International Day of Disabled People

By Jillian Enright: For Complete Post, Click Here…

Inclusion is much more than accommodation

In honour of the International Day of Disabled Persons, I am sharing a collection of my articles related to accessibility and inclusion.

This year’s theme is transformative solutions for inclusive development: the role of innovation in fuelling an accessible and equitable world.

That’s a heady theme, but when you think about it, it makes perfect sense. Innovation is driven by people who saw that the current way of doing things either didn’t work for them, or had significant room for improvement.

People who think outside the box are often more creative and better problem-solvers than traditional thinkers because our minds work differently, therefore we see things from a different perspective.

We can use our unique viewpoints and lived experiences as inspiration for positive change.

Selling suicide

By KEVIN YUILL: For Complete Post, Click Here…

A dystopian Canadian infomercial presents euthanasia as an aspirational lifestyle choice.

La Maison Simons, a fashion house in Canada, has produced an infomercial promoting euthanasia. The advert presents an assisted death as ‘the most beautiful exit’. ‘Dying in a hospital is not what’s natural. That’s not what’s soft. In these kinds of moments, you need softness’, the narrator says.

Selling suicide

Share

TopicsSCIENCE & TECHWORLD

La Maison Simons, a fashion house in Canada, has produced an infomercial promoting euthanasia. The advert presents an assisted death as ‘the most beautiful exit’. ‘Dying in a hospital is not what’s natural. That’s not what’s soft. In these kinds of moments, you need softness’, the narrator says.

‘Last breaths are sacred’, we are told. Dancers holding paper lanterns accompany an attractive young woman in a wheelchair – the narrator – on an idyllic beach. Bubble wands, dinner and cheesecake with close friends, luminescent whale and jellyfish puppets, singing and being on the ocean. These all feature as time shifts between night and day. The beautiful imagery is accompanied by the kind of inspirational music you usually hear in documentaries about whales. The film ends with a dedication to the young woman at the centre of the story: ‘Jennyfer Hatch – 1985 to October 2022.’ The advert finishes with a small logo of La Maison Simons. It was released one day after Hatch’s death. She was just 37 years old.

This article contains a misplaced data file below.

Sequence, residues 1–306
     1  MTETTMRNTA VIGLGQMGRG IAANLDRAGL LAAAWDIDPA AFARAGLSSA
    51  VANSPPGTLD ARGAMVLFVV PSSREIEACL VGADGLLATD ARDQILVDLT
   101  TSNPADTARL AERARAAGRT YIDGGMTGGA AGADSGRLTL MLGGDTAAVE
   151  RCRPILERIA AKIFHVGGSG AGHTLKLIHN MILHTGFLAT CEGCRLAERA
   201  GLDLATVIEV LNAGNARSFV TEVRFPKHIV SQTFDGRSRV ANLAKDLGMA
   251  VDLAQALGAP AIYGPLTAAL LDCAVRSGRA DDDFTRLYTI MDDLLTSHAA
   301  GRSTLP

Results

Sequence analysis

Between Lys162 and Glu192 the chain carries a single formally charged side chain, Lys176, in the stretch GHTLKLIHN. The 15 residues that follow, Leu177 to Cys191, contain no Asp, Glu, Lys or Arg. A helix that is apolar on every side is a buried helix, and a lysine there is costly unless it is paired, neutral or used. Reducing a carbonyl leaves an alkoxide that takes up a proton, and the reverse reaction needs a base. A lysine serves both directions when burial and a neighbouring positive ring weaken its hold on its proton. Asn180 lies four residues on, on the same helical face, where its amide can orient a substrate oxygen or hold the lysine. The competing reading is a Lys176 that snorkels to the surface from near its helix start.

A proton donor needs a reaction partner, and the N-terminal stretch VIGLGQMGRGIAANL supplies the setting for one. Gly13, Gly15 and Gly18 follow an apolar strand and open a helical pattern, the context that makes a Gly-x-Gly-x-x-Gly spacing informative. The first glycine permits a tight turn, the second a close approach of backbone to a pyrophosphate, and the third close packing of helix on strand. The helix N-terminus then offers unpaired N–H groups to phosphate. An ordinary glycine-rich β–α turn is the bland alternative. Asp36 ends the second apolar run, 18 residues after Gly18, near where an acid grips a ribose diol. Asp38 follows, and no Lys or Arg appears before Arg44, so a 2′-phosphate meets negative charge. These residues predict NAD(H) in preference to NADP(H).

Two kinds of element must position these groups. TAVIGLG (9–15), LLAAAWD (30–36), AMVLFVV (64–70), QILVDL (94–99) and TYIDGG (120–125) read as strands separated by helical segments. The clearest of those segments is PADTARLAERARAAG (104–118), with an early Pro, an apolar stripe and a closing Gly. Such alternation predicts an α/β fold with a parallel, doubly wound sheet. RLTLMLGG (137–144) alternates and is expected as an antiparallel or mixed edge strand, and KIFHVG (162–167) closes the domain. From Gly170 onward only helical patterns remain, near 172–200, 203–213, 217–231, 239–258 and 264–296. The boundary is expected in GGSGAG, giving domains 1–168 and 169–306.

Hatch was not terminally ill when she sought euthanasia. She suffered from complications and chronic pain associated with a diagnosis of Ehlers-Danlos syndrome, a group of inherited disorders that affect the connective tissue. Since the video was released, it has emerged that Hatch had struggled to find treatment for her rare condition. And she was not even offered palliative care. After battling for years to access healthcare, she was approved for an assisted death within weeks.

Paralympian trying to get wheelchair ramp says Veterans Affairs employee offered her assisted dying

By Tom Yun: For Complete Post, Click Here…

A veteran and former Paralympian told a parliamentary committee that a caseworker from the Veterans Affairs Canada (VAC) offered her medical assistance in dying (MAID), a week after the veterans affairs minister confirmed that at least four other veterans were offered the same thing.

Retired Cpl. Christine Gauthier, who has been trying to get a wheelchair ramp installed at her home for the past five years, testified on Thursday that a caseworker told her that they could give her assisted dying, even offering to supply the MAID equipment for her.

In Philadelphia, ‘tranq’ is leaving drug users with horrific wounds

By Andrew Joseph: For Complete Post, Click Here…

The volunteers were handing out the staples of harm reduction: safe injection and smoking kits, condoms, and Narcan, the opioid overdose reversal medication. Down the line, they were distributing hats, socks, coats, and blankets to the people who use drugs who came to this outreach event on a recent Saturday, a bright, cold morning a few days before Thanksgiving.

Just before the final table, where two mothers who had lost children to overdoses were passing out sandwiches, was evidence of the latest evolution in the increasingly dangerous U.S. drug supply. A wound care station.

“You have any wounds you need looked at?” volunteers asked people as they came through the event, held in this city’s Kensington neighborhood.

“Do I ever,” replied one man.

The spike in wounds among people who use drugs in Philadelphia reflects the surge in the local supply of a compound called xylazine. A veterinary tranquilizer, xylazine, or “tranq,” exploded in recent years to the point that in 2021, it was found in more than 90% of heroin and fentanyl samples. With its ascendance has come a wave of wounds — sometimes called abscesses, lesions, or, in the words of one volunteer nurse here, something that looks like “it’s eating away your flesh from the inside out.” The city saw the number of emergency department visits for skin and soft tissue injuries quadruple between the beginning of 2019 and the end of 2021.

Covid becomes plague of elderly, reviving debate over ‘acceptable loss’

By Ariana Eunjung Cha and Dan Keating: For Complete Post, Click Here…

Nearly 9 out of 10 deaths are now in people 65 or older, the highest rate since the pandemic began.

President Biden may have declared the coronavirus pandemic “over,” but from John Felton’s view as the Yellowstone County health officer in Billings, Mont., it’s not over, just different.

Now, more than ever,it is a plague of the elderly.

In October, Felton’s team logged six deaths due to the virus, many of them among vaccinated people. Their ages: 80s, 60s, 70s, 80s, 90s, 90s. Yellowstone County made the decision early in the crisis to recognize each death individually, and Felton said that is as important as ever to acknowledge the unrelenting toll on a still-vulnerable older generation, while most everyone else has moved on.